Harris: No place like home for Kansas coach
Kansas interim coach Clint Bowen grew up in Lawrence and played defensive back for the Jayhawks. In 1993, he led Kansas with 114 tackles. His father was an All-America football player at Lawrence High. Bowen played on some of the same Kansas teams with older brother Charley Jr. Wife Kristie was named Miss Kansas in 2001 and Mrs. Kansas in 2014.
Bowen’s Kansas ties are obvious. So are his intentions. He wants athletic director Sheahon Zenger to remove the interim tag from his title and name him the Jayhawks’ fulltime coach. A near victory over TCU may have sealed the deal, but strong performances in the final two games at Oklahoma and Kansas State could be the tipping point.
“It started from Day 1 when Dr. Zenger and I talked about (how) we needed to create an identity of what Kansas football is going to be,” said Bowen, a longtime Kansas assistant who’s 1-5 since replacing Charlie Weis.
Following losses in Bowen’s first four games as interim coach, Kansas defeated Iowa State, 34-14, and had TCU on the ropes, 27-17, in the third quarter last week, before losing, 34-30.
“It’s been a message to our kids for weeks now that they’re Big 12 football players, too,” Bowen said. “They belong in this conference. They chose to come to Kansas to play in Big 12 games, to play against teams like TCU. We’re continuing to do those things that I believe are going to be our foundation, is going to create our identity.
“They’ve created a culture amongst themselves where the teams come together a lot tighter, bonding together. They’re starting to realize that when you’re that truly invested and good things happen, the excitement comes with it.”
Sliding at Stanford
Stanford coach David Shaw heard boos from the home crowd last week when he punted instead of attempting a 51-yard field goal in the fourth quarter of a 20-17 double-overtime loss against Utah.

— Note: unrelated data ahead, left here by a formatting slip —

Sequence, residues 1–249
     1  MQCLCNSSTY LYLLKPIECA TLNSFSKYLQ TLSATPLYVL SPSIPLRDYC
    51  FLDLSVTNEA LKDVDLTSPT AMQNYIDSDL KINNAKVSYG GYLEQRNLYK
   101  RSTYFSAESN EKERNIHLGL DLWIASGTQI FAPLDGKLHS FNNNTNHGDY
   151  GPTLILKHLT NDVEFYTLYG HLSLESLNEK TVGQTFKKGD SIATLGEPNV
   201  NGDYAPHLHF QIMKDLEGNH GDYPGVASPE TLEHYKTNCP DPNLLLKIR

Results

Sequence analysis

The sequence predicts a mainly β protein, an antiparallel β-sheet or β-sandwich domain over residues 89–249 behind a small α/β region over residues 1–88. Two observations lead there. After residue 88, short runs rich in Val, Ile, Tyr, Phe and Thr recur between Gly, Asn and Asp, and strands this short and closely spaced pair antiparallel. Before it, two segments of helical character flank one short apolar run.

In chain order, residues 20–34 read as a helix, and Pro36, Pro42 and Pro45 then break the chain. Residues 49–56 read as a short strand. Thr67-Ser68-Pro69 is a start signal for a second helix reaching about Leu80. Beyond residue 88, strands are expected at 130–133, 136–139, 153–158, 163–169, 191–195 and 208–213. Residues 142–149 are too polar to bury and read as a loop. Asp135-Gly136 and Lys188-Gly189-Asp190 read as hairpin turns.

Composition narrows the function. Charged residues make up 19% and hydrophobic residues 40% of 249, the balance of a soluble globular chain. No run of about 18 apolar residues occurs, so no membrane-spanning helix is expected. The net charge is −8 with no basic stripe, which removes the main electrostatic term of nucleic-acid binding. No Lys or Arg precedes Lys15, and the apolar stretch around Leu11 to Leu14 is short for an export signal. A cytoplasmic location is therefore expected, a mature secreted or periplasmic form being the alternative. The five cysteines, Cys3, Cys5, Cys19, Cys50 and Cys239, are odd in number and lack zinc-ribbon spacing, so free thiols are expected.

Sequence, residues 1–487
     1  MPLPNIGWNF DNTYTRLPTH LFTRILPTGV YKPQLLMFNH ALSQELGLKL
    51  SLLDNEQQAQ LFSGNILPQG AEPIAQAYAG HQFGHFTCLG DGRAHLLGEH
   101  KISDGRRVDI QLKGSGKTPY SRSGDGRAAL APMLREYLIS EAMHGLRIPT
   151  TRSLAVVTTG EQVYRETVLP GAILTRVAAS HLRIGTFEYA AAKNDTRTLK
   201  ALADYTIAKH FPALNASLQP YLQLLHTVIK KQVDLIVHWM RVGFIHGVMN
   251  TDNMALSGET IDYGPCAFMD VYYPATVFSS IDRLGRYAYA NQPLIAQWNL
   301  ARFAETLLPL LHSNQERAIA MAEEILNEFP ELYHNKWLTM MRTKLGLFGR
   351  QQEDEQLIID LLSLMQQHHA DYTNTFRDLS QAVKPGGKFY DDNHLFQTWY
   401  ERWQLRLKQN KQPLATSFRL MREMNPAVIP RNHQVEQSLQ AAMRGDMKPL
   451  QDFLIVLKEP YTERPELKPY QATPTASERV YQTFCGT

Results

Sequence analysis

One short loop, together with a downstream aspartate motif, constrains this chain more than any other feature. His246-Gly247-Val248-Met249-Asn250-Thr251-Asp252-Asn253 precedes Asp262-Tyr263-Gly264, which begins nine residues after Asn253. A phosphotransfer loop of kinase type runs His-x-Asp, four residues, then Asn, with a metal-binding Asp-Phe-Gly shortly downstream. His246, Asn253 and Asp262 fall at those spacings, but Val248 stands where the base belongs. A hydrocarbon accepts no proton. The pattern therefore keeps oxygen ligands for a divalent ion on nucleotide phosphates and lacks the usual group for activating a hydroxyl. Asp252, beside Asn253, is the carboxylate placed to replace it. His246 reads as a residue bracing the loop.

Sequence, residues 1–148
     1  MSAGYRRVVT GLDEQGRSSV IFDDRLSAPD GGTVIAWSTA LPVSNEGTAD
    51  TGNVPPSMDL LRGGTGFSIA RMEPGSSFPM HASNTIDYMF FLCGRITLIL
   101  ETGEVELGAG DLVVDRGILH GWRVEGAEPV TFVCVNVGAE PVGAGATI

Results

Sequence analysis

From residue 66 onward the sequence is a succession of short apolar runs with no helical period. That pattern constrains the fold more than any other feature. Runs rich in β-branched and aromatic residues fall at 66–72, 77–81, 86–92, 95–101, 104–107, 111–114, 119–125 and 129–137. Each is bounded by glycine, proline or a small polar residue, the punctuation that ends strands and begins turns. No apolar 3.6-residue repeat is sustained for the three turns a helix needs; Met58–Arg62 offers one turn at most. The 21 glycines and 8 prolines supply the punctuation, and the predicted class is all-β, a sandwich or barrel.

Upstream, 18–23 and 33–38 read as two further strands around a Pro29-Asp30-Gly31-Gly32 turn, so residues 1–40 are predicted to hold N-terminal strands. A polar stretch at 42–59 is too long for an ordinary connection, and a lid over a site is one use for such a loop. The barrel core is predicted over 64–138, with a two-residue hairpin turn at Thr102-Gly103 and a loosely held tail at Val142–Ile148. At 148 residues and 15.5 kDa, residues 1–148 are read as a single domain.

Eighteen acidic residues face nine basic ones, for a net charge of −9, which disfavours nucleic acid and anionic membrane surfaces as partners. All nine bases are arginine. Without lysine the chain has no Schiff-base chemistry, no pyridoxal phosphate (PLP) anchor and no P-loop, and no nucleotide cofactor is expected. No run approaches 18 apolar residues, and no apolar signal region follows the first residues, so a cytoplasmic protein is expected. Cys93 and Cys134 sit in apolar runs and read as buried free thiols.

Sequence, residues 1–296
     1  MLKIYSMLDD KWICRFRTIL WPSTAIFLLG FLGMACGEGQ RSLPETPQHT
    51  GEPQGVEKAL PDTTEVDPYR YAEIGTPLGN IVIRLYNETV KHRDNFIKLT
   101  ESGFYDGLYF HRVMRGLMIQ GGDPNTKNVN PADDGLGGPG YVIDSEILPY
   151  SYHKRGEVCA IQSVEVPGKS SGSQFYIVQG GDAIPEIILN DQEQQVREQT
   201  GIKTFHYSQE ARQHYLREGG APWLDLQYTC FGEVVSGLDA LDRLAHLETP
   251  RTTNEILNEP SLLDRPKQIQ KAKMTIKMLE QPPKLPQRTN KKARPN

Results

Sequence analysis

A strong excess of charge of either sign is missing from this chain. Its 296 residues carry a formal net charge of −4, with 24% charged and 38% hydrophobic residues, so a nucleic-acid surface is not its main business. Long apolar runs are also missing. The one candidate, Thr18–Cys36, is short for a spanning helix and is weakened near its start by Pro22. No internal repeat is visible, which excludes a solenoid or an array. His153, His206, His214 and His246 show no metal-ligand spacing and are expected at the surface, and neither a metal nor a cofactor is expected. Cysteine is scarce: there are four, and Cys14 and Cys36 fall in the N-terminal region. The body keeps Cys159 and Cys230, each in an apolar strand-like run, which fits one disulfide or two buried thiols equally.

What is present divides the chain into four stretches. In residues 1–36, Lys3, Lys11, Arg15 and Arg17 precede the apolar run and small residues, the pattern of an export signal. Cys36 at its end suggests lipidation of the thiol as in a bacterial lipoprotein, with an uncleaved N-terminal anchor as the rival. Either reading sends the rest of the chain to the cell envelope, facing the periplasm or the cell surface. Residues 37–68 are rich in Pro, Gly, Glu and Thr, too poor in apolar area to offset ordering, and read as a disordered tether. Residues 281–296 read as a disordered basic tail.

Disgruntled fans come with the territory. After losing a combined five games in two seasons, which included appearances in back-to-back Rose Bowls, Stanford is 5-5 this season and in danger of not playing in a bowl for the first time since Jim Harbaugh’s last season in 2008.
Stanford has lost two in a row, ending Shaw’s 10-0 record with the Cardinal following a loss.
“If I knew exactly what the team needed, I’d give it to them right now,” Shaw said. “Practices are great. We’ve got great leadership on this team. The attitude and the approach, I couldn’t ask for anything better. The character of our team, the caliber of the young men on this team, I’d put them against anybody.
“I’m sad for those guys but also proud of them. These guys these last four, five years have been as good if not better than anybody that’s played Stanford football. And there will be people out there that want to make this a downer at the end of their career. Have the slings and arrows come towards me, not these young men.”
Fitzgerald does it again
As a player in 1995, Pat Fitzgerald starred at linebacker with 11 tackles as Northwestern, a 28-point underdog, upset No. 9 Notre Dame, 17-15.
As a coach in 2014, and in his first trip to Notre Dame in 19 years, Fitzgerald guided Northwestern to a 43-40 overtime victory over the Irish.
“Our program is in a totally different place,” said Fitzgerald, a consensus All-American and two-time Big Ten defensive player of the year who became Northwestern’s coach in 2006 following the death of Randy Walker.
Fitzgerald the player helped the Wildcats to a 10-1 record in 1995 and a Rose Bowl berth for their first postseason game since 1949. The win that year at Notre Dame was the school’s first over the Irish since 1949.
This year, unranked Northwestern again was favored to lose at Notre Dame, which carried a Top 20 ranking into the contest.
“It’s a special part of our tradition and history,” Fitzgerald said. “It started in ’95 and from a standpoint of renaissance of this program and it’s never been stronger.”
John Harris is a staff writer for Trib Total Media. Reach him at email@example.com.